In 2023 Oracle Cancer Trust awarded Charleen Chan, Institute of Cancer Research, funding for her research project “Dynamics of T-cell-driven immune responses to radiotherapy and immunotherapy in a HPV16- positive model of Head and Neck Squamous Cell Carcinoma". This research investigates the underwhelming results of combining radiotherapy, chemotherapy, and immunotherapy in clinical trials for Head and Neck cancer. Examining T-cell responses in mouse models, the study seeks to understand and improve treatment efficacy, offering insights into optimal combinations and potentially reducing chemotherapy and radiotherapy doses to mitigate side effects in patients.
When did you first know that you wanted a career in research?
Through my training in clinical oncology I have seen first-hand how rapidly the field of treatment options for our patients can change based on new research findings and discoveries. This has made me want to be involved in research that can impact on clinical treatment.
How did you come to specialise in Head and Neck cancer?
I worked with Head and Neck cancer patients during my clinical oncology training at Guy’s and St Thomas’ NHS Trust and The Royal Marsden NHS Trust. Head and Neck cancer affects such a wide range of demographics and both diagnoses and treatment can have such a profound impact on patients’ self-image and quality of life. I applied for a PhD investigating radiotherapy and immunotherapy combinations in Head and Neck cancer as this is an exciting area of research we hope will result in positive outcomes for patients.
What is the take home message of your research?
My research aims to investigate the dynamics of T-cell driven immune responses in locally-advanced Head and Neck Cancer. Understanding how T-cells change in activity and function over time when treatments are given can help guide us as to the best method of delivering these treatments and combining them with other agents such as immunotherapy.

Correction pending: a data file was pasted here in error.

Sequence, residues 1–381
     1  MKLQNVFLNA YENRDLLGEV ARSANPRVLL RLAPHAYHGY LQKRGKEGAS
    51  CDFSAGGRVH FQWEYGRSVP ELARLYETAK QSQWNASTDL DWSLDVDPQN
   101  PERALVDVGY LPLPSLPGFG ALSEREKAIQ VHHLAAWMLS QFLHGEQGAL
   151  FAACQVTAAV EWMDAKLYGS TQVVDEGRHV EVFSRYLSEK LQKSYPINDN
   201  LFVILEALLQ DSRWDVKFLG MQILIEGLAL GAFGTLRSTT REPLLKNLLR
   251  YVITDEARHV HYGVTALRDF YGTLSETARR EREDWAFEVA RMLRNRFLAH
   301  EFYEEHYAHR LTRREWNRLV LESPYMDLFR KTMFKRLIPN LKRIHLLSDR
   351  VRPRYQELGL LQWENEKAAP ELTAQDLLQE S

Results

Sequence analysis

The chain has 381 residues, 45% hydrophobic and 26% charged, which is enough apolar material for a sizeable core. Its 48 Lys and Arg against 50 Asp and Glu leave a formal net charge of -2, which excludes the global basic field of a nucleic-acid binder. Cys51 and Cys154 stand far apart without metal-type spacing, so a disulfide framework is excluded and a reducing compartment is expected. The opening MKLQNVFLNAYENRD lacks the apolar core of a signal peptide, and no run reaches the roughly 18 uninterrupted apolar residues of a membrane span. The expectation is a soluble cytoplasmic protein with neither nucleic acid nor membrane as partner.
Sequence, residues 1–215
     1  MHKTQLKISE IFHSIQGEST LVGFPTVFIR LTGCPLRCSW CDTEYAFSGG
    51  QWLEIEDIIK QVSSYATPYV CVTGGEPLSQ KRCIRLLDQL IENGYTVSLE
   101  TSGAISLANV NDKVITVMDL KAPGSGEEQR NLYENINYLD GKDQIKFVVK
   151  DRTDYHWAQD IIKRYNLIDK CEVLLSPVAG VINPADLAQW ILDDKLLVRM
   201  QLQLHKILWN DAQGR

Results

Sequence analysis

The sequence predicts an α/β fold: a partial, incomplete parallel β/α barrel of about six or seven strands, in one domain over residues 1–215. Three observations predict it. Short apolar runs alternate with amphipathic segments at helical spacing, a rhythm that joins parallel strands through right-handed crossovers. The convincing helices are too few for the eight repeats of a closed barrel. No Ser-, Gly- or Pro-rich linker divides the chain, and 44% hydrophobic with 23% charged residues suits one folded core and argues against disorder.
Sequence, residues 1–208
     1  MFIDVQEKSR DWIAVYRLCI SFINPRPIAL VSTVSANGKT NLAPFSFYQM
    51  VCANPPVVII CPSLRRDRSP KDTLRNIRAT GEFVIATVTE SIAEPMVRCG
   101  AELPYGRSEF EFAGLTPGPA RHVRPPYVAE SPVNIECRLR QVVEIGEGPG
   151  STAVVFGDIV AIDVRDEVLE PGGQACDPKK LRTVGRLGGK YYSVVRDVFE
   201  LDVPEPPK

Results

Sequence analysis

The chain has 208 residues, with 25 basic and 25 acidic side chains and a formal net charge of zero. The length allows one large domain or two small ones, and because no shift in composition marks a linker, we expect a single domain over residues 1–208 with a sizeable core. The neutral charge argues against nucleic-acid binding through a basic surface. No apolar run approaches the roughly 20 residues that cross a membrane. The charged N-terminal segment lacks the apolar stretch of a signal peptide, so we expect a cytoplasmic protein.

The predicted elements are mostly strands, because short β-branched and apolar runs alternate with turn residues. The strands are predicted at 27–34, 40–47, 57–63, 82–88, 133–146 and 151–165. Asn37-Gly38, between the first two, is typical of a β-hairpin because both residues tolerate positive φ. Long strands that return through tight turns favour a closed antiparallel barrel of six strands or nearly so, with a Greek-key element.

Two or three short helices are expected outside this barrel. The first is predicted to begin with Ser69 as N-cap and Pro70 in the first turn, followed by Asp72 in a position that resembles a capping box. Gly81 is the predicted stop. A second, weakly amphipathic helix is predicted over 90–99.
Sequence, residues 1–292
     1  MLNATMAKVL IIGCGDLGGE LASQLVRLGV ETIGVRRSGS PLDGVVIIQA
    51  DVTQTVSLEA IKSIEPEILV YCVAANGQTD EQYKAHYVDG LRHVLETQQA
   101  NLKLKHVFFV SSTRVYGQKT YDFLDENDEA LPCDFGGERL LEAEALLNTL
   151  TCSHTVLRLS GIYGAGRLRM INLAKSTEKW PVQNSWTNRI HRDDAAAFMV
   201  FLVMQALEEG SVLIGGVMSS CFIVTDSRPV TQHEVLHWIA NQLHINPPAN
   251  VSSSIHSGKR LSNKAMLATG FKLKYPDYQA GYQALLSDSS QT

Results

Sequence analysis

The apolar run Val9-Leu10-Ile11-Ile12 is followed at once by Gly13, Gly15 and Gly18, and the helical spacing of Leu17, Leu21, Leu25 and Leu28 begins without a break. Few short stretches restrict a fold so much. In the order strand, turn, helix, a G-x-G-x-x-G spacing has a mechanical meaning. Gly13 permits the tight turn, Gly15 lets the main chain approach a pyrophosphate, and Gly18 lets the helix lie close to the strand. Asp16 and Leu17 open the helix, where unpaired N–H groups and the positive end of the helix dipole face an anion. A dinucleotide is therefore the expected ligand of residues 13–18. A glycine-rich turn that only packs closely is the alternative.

Why did this research need to be done?
There has been increasing interest in treatments that boost the body’s immune response against cancer (immunotherapy) to lead to long-lasting tumour control. Combining both radiotherapy and immunotherapy treatments in Head and Neck cancer has shown to be promising in the laboratory setting. Unfortunately, clinical trials testing these combinations in humans have thus far been disappointing. The reason behind why these clinical trials have failed is unknown and there is clearly a gap in translating laboratory findings to clinical trials. My project hopes to investigate the reasons for this by tracking T-cells which are important in kick-starting and sustaining our anti-cancer immune response. We hope that understanding this can help guide us as to the best method of delivering current and new treatments.
What have you learnt along the way?
I have learnt that research plans evolve and change depending on new results. It is important to keep an open mind and always ask the ‘why’.
What difference will this make to patients?
I hope that my research into standard-of-care treatments in Head and Neck cancer will be able to better guide combinations of radiation with novel agents such as immunotherapeutics. Particularly in light of recently failed clinical trials, the aim is to provide improve outcomes as well as provide better quality of life for patients.